In the coming days and weeks we will have time to pause and express our affection and boundless gratitude for our departing colleagues. Some of the longest-serving leaders in the newsroom are leaving, people who have given The Times so much of themselves and are responsible for so much of our excellence. Among them is John Geddes’ whose smarts, ability to seamlessly get us through all manner of crises from hurricanes to blackouts and of course his ability to make us laugh at ourselves will be sorely missed. Jon Landman is leaving too. He epitomizes the integrity and ingenuity of this place. Bill Schmidt, whose charm and grace symbolize the fundamental humanity of our newsroom, is planning to leave as well.
The very tread of Jim Roberts’ cowboy boots means: “We have this covered.” He will be moving on as will Joe Sexton, fresh off the glory of the Avalanche project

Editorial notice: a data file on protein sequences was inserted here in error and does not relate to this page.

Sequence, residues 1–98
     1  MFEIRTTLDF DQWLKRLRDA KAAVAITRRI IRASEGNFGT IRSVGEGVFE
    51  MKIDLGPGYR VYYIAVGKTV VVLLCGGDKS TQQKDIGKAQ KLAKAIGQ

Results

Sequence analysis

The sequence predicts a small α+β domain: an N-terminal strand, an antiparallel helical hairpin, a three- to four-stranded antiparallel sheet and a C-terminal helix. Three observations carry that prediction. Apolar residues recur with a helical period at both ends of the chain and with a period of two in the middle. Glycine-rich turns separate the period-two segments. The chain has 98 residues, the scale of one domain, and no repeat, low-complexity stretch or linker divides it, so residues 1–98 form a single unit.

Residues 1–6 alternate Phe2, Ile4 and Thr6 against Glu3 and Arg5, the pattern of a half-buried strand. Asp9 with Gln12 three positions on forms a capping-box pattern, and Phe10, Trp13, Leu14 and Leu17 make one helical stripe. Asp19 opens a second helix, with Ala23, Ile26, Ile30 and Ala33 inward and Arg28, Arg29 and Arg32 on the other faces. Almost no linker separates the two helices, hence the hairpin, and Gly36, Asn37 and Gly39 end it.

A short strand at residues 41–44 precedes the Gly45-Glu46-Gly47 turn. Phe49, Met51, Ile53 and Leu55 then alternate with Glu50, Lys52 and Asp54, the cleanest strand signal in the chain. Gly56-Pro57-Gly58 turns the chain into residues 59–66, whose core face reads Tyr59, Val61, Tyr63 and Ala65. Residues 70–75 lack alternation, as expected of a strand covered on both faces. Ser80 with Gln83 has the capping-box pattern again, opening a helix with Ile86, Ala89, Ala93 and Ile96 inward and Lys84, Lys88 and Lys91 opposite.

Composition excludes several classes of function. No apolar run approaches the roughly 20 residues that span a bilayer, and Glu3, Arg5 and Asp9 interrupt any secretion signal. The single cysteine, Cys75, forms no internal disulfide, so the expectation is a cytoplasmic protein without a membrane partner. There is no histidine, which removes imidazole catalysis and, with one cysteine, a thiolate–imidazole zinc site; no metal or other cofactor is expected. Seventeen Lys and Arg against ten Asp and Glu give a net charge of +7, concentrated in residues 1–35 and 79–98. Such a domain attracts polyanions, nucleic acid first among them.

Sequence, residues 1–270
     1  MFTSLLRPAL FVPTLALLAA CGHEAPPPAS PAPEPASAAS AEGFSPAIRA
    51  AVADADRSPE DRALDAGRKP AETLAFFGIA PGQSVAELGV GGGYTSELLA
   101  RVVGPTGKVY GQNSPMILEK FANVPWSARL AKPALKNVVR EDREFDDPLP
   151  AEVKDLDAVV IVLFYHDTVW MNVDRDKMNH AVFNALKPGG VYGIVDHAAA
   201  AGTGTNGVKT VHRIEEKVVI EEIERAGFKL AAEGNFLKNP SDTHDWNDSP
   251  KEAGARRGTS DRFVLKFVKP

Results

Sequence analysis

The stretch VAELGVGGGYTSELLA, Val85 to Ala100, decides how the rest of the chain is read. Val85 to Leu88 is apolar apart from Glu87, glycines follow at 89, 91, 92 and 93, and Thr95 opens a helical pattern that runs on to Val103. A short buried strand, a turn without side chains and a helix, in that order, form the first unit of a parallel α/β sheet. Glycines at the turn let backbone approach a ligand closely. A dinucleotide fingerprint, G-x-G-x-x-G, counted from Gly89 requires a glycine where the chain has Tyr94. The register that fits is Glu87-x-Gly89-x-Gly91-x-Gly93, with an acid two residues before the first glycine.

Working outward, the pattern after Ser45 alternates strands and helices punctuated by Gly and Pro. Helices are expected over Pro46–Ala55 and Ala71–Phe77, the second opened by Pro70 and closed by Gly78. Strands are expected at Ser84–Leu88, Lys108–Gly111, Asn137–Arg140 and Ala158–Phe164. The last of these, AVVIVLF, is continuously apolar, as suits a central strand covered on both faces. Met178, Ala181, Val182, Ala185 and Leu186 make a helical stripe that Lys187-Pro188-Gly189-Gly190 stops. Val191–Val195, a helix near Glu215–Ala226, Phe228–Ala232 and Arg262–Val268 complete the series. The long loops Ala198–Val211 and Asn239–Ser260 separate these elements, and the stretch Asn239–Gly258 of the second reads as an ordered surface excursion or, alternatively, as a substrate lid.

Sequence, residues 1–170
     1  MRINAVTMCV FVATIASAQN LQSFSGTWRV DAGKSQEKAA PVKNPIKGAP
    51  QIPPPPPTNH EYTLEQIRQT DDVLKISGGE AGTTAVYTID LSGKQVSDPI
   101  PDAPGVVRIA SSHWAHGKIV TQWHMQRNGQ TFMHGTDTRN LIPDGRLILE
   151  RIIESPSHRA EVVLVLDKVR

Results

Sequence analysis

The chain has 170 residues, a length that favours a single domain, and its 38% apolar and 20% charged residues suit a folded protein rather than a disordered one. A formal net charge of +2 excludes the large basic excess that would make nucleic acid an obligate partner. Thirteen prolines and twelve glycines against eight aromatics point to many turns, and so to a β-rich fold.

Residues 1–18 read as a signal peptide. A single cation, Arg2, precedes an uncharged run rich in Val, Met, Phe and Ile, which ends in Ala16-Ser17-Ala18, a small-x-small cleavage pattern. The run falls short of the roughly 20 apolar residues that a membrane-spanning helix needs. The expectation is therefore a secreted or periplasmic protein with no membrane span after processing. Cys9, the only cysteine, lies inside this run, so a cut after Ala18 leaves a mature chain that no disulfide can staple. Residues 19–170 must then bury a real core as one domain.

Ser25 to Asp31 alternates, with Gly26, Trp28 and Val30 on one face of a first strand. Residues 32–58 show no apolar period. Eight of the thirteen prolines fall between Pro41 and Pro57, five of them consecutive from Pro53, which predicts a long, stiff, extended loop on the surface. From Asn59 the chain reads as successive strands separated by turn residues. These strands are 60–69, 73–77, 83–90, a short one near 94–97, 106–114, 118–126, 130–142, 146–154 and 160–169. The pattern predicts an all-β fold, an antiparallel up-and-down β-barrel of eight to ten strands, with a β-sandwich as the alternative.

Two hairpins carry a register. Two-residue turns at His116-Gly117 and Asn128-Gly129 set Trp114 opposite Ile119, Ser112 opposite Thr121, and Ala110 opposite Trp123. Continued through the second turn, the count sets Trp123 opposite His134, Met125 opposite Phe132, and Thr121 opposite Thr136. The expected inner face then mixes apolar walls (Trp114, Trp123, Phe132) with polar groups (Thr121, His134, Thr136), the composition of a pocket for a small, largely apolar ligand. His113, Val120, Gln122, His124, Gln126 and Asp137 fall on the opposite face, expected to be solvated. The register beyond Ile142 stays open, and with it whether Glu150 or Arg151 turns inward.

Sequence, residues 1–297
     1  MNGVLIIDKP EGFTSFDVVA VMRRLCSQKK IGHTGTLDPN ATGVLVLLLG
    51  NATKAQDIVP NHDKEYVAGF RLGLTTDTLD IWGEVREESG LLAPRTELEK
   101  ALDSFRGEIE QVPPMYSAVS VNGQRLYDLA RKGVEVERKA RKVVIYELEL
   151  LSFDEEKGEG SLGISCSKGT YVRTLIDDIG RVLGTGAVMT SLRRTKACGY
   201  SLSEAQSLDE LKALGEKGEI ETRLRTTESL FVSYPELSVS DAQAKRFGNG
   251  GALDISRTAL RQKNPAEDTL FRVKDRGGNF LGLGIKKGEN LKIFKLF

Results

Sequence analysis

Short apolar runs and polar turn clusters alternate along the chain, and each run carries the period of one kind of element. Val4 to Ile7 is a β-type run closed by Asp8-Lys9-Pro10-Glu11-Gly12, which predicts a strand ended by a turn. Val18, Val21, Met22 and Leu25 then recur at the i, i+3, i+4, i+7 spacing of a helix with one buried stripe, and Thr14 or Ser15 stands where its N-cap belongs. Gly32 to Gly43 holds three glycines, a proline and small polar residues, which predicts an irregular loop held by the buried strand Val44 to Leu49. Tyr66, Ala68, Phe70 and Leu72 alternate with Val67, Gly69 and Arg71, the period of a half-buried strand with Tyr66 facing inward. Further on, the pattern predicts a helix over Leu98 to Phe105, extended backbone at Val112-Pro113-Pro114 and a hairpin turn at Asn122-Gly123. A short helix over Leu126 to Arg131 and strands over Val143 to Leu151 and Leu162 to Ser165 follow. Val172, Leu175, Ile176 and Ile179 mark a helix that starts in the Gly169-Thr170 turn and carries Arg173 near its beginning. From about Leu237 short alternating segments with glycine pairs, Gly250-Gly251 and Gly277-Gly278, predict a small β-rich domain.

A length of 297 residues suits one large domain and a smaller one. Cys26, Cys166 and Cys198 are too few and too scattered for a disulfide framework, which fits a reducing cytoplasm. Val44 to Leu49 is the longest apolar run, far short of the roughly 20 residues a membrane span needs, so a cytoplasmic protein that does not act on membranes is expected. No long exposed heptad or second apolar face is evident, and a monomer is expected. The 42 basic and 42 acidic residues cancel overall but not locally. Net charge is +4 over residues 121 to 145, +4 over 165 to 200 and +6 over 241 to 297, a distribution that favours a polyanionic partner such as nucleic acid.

But just as these inspiring leaders stood on the shoulders of those who came before, we are shored up by the accomplishments of our departing colleagues and challenged to reach even higher. As we start a new chapter, we are more resolved in our purpose and more committed to our standards.
Let us settle into this new world order. Then fire away with questions and criticisms.
Thanks to all of you for your patience.
Some personnel news from NPR:
NPR News has hired longtime investigative reporter and editor Robert Little to lead its investigative team, beginning March 4th. As senior editor for investigations, Little will work with reporters, producers and editors to develop investigative stories, and will oversee NPR’s partnerships with other non-profit news organizations doing high-level investigative work.
"We have serious ambition for NPR’s investigative work and Bob brings a powerful set of skills to the task. He has deep investigative experience and an impressive track record on that front," said Margaret Low Smith, NPR Senior Vice President of News. "In addition, he has high level newsroom leadership know-how and broad domestic and international reporting experience.”
Little spent 15 years at The Baltimore Sun; since 2010, he's been the paper’s Investigative and Enterprise Editor. Under Little’s leadership, The Sun recently published a series of articles uncovering widespread flaws in Baltimore’s speed camera network, which has since been shut down.